The Hemopump™, the first intravascular ventricular assist device

Richard Wampler, O. H. Frazier

Research output: Contribution to journalArticle

Abstract

Development of durable left ventricular assist devices (LVADs), based on rotary flow blood pumps, began in earnest after the successful implantation of a catheter-mounted axial flow blood pump via intravascular access in 1988. This device, the Hemopump, successfully supported the circulation of a patient in cardiogenic shock secondary to acute rejection of a transplanted heart. Duration of support was 46 hours, resulting in complete recovery of cardiac function and hospital discharge. In effect, this sentinel event demonstrated that continuous-flow blood pumps could be used to support patients in cardiogenic shock. This held true in spite of many widely held paradigms against rotary blood pumps regarding blood damage, diminished pulsatility, and thrombosis. At this writing, 50,000 patients have been implanted with durable LVADs based on rotary blood pumps as a bridge to cardiac transplantation or destination support as long as 10 years.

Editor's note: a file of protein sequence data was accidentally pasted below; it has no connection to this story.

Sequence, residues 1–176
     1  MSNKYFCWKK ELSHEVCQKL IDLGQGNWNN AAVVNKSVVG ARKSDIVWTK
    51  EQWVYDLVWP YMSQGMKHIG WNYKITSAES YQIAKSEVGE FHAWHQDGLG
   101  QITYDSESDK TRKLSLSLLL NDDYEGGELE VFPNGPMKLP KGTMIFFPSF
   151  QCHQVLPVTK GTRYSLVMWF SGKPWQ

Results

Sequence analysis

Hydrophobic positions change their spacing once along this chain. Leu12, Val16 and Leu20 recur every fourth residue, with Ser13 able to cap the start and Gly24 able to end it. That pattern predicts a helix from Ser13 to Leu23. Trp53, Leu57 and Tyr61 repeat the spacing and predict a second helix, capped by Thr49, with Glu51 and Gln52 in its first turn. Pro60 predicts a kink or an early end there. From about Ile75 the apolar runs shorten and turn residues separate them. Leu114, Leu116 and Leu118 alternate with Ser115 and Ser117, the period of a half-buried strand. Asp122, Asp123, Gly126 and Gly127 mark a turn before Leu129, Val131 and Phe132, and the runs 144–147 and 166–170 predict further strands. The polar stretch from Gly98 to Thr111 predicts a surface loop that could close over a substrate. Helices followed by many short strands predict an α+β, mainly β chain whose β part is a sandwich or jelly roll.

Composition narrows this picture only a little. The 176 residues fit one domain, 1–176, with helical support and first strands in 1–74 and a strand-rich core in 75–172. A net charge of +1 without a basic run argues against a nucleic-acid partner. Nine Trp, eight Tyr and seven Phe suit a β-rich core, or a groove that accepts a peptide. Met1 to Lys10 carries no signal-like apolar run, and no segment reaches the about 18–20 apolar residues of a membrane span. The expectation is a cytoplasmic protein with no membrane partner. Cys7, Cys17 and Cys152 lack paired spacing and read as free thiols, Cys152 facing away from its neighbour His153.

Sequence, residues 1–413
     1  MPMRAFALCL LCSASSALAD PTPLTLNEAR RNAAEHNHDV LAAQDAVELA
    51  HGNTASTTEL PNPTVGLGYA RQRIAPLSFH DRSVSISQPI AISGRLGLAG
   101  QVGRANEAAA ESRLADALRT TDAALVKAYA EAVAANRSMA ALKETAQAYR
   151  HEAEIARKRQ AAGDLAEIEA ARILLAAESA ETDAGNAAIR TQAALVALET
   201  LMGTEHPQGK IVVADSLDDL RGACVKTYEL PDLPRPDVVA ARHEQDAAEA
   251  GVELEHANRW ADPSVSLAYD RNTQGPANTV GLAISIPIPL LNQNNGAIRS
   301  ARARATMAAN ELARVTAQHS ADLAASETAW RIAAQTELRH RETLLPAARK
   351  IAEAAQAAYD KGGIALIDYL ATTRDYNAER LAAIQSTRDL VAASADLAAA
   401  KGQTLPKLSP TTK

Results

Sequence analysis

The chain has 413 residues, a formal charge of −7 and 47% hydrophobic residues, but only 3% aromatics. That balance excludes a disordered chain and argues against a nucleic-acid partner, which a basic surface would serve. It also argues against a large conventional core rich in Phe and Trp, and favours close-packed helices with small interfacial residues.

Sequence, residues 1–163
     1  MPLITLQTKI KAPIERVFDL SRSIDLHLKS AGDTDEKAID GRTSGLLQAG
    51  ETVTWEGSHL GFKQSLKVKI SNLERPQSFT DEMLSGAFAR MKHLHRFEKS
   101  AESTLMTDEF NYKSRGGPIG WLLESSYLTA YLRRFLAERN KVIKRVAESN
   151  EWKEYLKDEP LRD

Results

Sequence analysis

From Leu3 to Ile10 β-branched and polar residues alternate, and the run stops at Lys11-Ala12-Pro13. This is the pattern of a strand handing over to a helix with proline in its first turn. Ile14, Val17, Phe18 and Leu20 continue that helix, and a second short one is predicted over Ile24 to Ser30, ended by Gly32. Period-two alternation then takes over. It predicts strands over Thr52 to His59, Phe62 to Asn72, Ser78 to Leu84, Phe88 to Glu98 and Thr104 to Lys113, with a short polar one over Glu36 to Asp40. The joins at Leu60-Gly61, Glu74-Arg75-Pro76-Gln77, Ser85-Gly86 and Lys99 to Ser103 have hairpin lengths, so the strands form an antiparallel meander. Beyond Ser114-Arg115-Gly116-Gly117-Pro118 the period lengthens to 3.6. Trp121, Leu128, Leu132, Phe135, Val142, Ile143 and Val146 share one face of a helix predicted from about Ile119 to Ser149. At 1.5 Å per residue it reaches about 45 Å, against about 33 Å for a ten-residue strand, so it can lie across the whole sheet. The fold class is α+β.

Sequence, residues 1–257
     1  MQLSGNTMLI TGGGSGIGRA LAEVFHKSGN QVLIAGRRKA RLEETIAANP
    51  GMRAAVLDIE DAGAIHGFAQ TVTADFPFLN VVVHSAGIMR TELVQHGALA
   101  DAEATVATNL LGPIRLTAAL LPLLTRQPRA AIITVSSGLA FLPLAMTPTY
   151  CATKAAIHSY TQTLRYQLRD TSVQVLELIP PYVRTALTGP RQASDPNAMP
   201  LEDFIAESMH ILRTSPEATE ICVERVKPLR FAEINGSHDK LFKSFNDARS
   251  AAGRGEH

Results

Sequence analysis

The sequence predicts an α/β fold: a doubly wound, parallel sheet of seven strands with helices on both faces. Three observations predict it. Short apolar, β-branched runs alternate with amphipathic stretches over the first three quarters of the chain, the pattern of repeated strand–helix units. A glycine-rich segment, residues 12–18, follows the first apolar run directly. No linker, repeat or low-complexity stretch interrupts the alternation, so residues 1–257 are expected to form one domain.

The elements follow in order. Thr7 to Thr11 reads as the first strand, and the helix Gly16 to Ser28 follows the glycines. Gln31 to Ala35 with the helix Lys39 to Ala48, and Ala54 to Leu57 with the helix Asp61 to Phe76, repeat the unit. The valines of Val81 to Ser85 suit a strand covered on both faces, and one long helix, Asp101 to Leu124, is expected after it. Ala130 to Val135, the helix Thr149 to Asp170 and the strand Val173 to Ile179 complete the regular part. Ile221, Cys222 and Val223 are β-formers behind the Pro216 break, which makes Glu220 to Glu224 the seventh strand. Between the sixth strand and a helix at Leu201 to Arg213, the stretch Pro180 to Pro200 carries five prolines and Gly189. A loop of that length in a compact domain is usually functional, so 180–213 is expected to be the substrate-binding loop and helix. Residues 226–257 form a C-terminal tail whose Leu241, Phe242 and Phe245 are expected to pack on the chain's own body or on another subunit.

Original languageEnglish (US)
Pages (from-to)297-300
Number of pages4
JournalASAIO Journal
Volume65
Issue number3
DOIs
StatePublished - Mar 1 2019

Fingerprint

Heart-Assist Devices
Blood
Pumps
Left ventricular assist devices
Cardiogenic Shock
Rotational flow
Axial flow
Catheters
Recovery of Function
Heart Transplantation
Thrombosis
Recovery
Equipment and Supplies

Keywords

  • catheter pump
  • continuous flow
  • Hemopump
  • intravascular pump

ASJC Scopus subject areas

  • Biophysics
  • Bioengineering
  • Biomaterials
  • Biomedical Engineering

Cite this

The Hemopump™, the first intravascular ventricular assist device. / Wampler, Richard; Frazier, O. H.

In: ASAIO Journal, Vol. 65, No. 3, 01.03.2019, p. 297-300.

Research output: Contribution to journalArticle

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